In February 1989, Count Pal Teleki took over the Minister Presidency; this outstanding Hungarian statesman, with his immense scientific background and knowledge, clearly saw the dangers of the Third Reich's imperialistic drives but he also knew the weaknesses of the West. He wanted to make use of the German tendencies to make gains in Hungarian territorial questions but at the same time he wanted to persuade the Entente powers of the justice of Hungary. He reached the Second Viennese Arbitrage with the help of Berlin and Rome, and there, however, the surrounding symptoms only proved to him that the Germans were playing a treacherous game. Although he had Foreign Minister Count Csaky sign the three power Anti-Comintern Pact, he refused to participate in the German-Polish war. Upon the initiative of Germany and Italy he concluded a friendship pact with Yugoslavia; even though this had been a long time wish of the Hungarian public, he


also knew that by no means through these actions could he prevent the coming turmoil. He did not neglect, at the same time, to make use of his very valuable Anglo-Saxon relationships and connections, and by using his tremendous prestige, he gave detailed information supported by scientific data about his aims and activities to the British Government. Upon the advice of the French diplomat Count De Vienne, he sent a Hungarian politician to the United States. With these measures he wanted to prove the truthfulness and justice of his foreign policy and to secure a greater understanding and corresponding statements. With his illness he was not able to take the excitement of the international situation; thus, when, in contradiction to his previous statements, Hitler declared war on Yugoslavia, and when threats reached him from England, Count Teleki escaped in death. Hungary lost in him a great and iron-willed statesman of immense knowledge and experience.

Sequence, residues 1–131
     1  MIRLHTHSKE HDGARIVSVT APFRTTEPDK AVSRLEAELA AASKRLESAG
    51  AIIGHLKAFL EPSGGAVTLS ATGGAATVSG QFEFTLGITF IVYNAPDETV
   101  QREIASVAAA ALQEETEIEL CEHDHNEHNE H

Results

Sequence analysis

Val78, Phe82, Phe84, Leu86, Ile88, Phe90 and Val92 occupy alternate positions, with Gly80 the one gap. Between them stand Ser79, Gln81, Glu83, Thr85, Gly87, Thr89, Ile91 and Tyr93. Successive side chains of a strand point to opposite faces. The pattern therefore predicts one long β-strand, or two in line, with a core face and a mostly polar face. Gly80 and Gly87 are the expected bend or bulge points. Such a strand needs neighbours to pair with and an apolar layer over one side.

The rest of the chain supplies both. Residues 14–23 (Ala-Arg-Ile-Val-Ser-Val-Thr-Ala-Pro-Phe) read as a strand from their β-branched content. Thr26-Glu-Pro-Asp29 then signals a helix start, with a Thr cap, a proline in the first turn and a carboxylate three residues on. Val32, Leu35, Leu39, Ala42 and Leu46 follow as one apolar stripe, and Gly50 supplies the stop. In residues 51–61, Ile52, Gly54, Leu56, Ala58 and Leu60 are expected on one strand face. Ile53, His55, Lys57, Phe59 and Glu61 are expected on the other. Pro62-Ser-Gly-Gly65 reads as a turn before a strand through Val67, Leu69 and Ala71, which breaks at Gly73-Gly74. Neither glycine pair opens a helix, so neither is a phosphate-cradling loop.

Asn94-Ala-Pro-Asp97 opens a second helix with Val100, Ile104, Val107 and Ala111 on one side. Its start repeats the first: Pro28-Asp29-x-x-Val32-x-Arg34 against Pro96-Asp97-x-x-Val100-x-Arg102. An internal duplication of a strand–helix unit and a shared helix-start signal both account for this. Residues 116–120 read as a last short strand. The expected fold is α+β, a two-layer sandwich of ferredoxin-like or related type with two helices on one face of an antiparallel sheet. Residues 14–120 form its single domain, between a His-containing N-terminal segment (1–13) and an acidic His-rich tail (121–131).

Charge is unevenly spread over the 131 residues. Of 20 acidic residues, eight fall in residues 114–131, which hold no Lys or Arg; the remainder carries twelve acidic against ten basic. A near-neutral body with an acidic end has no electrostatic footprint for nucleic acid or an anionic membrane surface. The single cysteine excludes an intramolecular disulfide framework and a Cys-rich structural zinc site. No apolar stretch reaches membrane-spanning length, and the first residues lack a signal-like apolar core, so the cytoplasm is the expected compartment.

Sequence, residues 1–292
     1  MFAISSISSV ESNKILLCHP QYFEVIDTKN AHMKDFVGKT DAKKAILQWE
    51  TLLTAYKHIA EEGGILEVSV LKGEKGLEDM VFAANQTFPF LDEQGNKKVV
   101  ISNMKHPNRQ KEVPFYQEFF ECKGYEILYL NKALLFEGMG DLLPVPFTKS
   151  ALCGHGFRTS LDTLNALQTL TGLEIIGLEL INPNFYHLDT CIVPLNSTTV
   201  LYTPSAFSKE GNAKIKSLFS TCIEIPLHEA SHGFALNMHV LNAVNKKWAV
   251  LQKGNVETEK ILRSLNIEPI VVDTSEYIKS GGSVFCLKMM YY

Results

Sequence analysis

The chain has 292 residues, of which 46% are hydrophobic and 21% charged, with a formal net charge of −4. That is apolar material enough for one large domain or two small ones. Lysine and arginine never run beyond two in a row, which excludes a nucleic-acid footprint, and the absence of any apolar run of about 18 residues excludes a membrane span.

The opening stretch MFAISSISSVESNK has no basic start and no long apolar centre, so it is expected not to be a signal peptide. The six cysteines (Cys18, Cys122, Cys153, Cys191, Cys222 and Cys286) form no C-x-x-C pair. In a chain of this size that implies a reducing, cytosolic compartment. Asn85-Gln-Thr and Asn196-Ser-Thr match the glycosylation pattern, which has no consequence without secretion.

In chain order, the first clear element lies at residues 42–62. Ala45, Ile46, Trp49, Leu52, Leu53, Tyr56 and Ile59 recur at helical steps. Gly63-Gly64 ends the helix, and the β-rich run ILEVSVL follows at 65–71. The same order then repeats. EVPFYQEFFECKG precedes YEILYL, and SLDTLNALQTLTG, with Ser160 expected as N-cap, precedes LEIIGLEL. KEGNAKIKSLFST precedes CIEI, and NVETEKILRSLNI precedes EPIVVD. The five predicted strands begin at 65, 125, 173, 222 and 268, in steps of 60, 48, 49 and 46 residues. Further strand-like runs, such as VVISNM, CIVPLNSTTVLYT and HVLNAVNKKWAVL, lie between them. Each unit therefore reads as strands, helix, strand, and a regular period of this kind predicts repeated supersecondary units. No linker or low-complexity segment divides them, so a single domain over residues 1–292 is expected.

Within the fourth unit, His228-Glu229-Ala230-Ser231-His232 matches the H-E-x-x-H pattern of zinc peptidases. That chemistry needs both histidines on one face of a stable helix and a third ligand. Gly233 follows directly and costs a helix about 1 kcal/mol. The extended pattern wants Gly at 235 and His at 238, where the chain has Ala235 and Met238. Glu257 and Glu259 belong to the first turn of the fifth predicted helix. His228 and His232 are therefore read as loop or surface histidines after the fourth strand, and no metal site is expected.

He was succeeded in the Minister Presidency by the unshakable and very clever Laszlo Bardossy. Bardossy had been our Ambassador to London and later to Bucharest. After the death of Count Csaky, he obtained the portfolio of Minister of Foreign Affairs in the Teleki Government, but his experiences in the foreign political fields were of rather short duration. As far as his experiences in the internal affairs of the country were concerned, they could be considered nonexistent. He plunged head-first into the tremendous currents moving the entire world in those times; these were currents and factors such as the start of the German-Polish war, the French and British declaration of war on the Third Reich, the sending of Hungarian troops to the Serbian border south of the Danube, and the steps taken by England and the bombing of Hungarian cities. These were followed by such events as the demands which Moscow addressed to Berlin emphasizing her interests in the Balkans, the German troop concentrations on the Soviet Russian border, and on June 22, 1941, Germany's attack on Soviet Russia. These events were followed by the declaration of war on Russia by the Finns, Italians, Rumanians, and the Slovaks. The Japanese delivered a sneak attack on Pearl Harbor, the consequence of which was the declaration of war by the United States on Japan. This was followed by a declaration of war by the Germans and Italians on the United States. In this tremendous burning holocaust which was taking over the rule of the world, the sole aim and task of Bardossy was to try to keep Hungary from drifting into this cataclysm. His efforts were unsuccessful, and on June 27, 1941, he reported to the Houses of Parliament that Hungary had entered into a state of war with Russia; this, of course, was followed by England's declaration of war on Hungary. Acceding to pressure by Germany and Italy, Bardossy declared war also on the United States. Finally in this desperate situation, having no other means left, he tried to resist the ever increasing demands on Hungary by the German